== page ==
Regena Guinhawa’s Parkinson’s Disease Patient Story
Moving Better, Thinking Clearer, Talking Louder
Regena Guinhawa was used to leading an active life. A native Californian, she loved the beach and headed for the mountains whenever she could. “I loved taking the kids up there, and later, my grandkids,” she recalled. “She’s always lived her life to the fullest,” agreed her son, Russ Byrd.
Regena was 55 years old when she noticed her hands had begun to twitch. “I started shaking a lot, and that got me scared,” she said. She was diagnosed with Parkinson’s Disease and began taking medication. Initially it helped, but over time, the benefits wore off. “I was delivering Meals on Wheels and I had to stop. I couldn’t drive anymore. It made me angry, like I was losing my life.
“After about four years, I was in bad condition. I was down to 100 pounds. My body would freeze. My tremors were getting worse. One time, I didn’t stop shaking for six hours and I had to go the ER,” she said. “I never went that long before. I was ready to try anything.”
Her son brought her to his home in Chicago. “When she got off the plane, she was in a wheel chair. She couldn’t walk at all. She was bent over at a 90-degree angle,” he said. “She needed help going to the bathroom. We had to be physically in the shower with her. We needed help, so we made an appointment and brought her to RIC.”
Treatment Targeted Toward Parkinson’s Disease
RIC’s Center for Parkinson’s Rehabilitation has the nation’s largest team of clinicians who are specially trained in treating Parkinson’s Disease. Among them was occupational therapist Summer Shepstone. “For people with Parkinson’s Disease, a lot of the problem is perception. They think they’re moving normally, but they’re much slower and stiffer—for instance, they think they’re walking normally, but they’re taking small, shuffling steps,” she said. “To overcome the symptoms, they have to increase their efforts. We cue them to increase their awareness. Then we teach them to cue themselves.”
Because fear, anxiety and pain play crippling roles for Parkinson’s patients, RIC therapists also teach stretches, progressive relaxation and other techniques that help patients lead more productive lives.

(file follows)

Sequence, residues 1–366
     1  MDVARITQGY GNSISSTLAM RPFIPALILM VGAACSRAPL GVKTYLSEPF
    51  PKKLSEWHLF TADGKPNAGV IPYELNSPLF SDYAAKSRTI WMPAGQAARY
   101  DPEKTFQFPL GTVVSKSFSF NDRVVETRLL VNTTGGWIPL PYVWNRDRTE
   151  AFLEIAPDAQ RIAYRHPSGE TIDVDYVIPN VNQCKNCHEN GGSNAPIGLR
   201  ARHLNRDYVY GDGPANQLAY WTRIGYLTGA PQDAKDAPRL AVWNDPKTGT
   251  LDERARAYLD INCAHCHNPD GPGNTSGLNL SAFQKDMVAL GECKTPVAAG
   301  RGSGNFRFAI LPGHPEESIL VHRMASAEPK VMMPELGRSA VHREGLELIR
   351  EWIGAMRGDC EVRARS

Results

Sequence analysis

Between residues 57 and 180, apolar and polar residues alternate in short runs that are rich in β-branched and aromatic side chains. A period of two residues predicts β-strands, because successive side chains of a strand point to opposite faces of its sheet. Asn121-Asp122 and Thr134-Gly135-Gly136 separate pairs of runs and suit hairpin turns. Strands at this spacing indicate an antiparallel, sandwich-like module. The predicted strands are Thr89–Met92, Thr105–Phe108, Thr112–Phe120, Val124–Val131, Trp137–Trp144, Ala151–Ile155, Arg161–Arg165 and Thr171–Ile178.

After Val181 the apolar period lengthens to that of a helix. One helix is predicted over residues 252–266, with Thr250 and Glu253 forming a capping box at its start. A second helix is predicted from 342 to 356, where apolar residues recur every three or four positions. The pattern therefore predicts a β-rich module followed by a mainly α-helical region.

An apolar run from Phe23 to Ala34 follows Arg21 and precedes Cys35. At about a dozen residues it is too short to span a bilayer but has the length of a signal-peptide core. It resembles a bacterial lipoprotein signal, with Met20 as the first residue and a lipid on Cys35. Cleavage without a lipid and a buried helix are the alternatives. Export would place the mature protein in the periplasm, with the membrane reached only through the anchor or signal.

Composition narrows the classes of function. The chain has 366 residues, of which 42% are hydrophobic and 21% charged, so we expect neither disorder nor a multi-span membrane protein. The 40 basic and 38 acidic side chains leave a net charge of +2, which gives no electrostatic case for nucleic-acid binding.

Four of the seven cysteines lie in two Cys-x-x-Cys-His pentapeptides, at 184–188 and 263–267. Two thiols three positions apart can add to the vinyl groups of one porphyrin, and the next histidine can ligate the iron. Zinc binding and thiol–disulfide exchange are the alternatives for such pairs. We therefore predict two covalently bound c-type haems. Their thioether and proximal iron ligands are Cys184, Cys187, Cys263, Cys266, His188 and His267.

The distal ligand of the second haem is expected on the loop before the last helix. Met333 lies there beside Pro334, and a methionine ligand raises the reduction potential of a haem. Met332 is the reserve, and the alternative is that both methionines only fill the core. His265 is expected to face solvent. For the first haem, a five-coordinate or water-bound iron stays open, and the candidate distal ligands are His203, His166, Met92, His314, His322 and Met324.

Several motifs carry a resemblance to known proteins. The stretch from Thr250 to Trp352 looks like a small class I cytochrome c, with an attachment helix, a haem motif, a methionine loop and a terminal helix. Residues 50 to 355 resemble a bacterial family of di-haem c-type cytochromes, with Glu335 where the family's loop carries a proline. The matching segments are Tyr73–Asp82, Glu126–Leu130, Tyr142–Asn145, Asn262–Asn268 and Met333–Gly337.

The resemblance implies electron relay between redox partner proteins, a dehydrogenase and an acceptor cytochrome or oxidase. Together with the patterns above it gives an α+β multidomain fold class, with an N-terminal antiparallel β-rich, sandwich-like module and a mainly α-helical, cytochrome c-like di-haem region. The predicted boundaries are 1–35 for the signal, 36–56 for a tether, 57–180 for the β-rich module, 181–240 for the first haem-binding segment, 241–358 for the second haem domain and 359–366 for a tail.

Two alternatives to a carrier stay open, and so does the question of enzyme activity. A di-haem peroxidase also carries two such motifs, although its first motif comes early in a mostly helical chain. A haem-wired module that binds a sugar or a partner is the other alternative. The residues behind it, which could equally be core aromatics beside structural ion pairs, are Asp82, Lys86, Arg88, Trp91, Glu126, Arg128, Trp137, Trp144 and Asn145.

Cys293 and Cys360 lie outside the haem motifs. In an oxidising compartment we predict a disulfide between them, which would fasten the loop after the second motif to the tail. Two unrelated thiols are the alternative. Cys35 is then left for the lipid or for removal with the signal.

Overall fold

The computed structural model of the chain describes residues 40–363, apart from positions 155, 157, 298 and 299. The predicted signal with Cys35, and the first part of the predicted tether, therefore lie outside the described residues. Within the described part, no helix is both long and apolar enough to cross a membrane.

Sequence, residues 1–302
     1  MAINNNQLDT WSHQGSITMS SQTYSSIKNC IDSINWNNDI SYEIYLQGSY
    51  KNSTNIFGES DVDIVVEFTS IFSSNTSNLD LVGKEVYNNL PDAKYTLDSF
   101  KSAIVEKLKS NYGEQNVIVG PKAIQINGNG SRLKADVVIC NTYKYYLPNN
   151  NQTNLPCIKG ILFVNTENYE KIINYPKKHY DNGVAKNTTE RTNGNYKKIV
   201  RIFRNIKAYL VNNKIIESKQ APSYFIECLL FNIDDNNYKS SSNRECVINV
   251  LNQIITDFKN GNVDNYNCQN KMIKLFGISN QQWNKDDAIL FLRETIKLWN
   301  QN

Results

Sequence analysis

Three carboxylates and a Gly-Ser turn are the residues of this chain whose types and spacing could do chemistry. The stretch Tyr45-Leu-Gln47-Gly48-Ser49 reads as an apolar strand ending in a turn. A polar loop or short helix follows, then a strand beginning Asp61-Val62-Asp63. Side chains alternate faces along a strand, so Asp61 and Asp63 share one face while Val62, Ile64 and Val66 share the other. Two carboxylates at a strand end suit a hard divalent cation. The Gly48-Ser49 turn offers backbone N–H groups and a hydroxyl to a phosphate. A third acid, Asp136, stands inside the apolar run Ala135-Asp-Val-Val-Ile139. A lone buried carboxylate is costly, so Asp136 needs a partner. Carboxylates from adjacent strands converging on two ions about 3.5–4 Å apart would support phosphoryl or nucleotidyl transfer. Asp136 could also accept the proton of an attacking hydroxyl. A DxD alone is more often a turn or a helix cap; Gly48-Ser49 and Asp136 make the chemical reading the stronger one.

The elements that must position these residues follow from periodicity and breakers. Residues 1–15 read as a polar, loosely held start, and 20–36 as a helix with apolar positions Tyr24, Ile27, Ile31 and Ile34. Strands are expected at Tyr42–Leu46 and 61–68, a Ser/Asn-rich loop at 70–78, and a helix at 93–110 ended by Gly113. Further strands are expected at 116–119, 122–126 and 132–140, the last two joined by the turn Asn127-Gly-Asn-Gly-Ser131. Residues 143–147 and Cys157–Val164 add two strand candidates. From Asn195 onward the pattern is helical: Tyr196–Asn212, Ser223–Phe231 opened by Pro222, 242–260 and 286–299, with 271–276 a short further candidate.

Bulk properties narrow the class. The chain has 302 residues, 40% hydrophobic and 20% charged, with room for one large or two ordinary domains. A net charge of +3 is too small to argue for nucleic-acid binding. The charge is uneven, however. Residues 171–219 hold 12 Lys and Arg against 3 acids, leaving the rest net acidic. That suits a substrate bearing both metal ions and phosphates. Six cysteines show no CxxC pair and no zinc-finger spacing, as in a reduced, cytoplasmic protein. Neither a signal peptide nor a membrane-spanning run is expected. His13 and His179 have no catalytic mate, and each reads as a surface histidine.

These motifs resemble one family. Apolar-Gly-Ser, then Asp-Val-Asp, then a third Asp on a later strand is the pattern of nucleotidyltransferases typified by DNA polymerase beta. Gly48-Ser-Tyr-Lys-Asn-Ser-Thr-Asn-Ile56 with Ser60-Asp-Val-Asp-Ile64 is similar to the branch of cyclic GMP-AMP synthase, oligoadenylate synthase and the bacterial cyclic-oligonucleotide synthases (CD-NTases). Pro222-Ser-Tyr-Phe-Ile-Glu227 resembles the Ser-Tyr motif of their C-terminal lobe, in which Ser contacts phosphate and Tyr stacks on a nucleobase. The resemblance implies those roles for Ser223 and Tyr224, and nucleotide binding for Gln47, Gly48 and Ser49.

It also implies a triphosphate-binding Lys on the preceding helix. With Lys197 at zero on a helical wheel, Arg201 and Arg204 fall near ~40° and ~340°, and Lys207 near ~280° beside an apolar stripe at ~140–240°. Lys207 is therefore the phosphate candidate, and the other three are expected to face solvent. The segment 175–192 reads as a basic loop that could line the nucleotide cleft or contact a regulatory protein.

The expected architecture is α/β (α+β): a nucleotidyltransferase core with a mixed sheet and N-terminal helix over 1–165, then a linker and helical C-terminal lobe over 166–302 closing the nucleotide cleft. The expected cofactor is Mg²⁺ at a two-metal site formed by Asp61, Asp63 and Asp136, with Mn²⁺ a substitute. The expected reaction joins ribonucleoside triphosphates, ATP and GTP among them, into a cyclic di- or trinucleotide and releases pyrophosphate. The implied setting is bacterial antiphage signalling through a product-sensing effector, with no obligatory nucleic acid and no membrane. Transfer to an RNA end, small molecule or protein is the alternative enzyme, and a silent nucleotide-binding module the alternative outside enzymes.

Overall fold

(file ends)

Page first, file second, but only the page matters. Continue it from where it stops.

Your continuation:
Shepstone was part of the team guided by Dr. Santiago Toledo, medical director of the Center for Parkinson’s Rehabilitation. Under their care, Regena quickly improved. “The therapists got me to lay on my back straight out. It was the first time I’d done that in years,” she said. “They taught me how to work through a lot of things.”
Her son saw the progress immediately. “We were so excited. She came here and stopped shaking,” her son said. “Within two weeks of inpatient treatment, she could put on her own shoes now, her own clothing. She was able to start putting makeup on again, and obviously that lifted her huge.”
Regena even took part in a cutting-edge research trial at RIC. Researchers are harnessing the sensor tracking technology in smart phones to help track movements of patients with Parkinson’s Disease. Using mathematically algorithms, they can better assess how patients move as they go through their day-to-day lives outside a doctor’s office, even tracking a patient’s progress over time. “These modern mobile phones have very good movement sensors built in,” said Konrad Kording, PhD, director of RIC’s Economics of Movement Lab. “This technology allows us to monitor how the patients’ lives get more active after they’ve come to RIC.”
Regena has begun to live her life pain-free and is making plans for the future. “I’m ready to go to the beach, to see Lake Michigan,” she said. “And I’d like to travel to California and see my other grandchildren and my great-grandchildren.”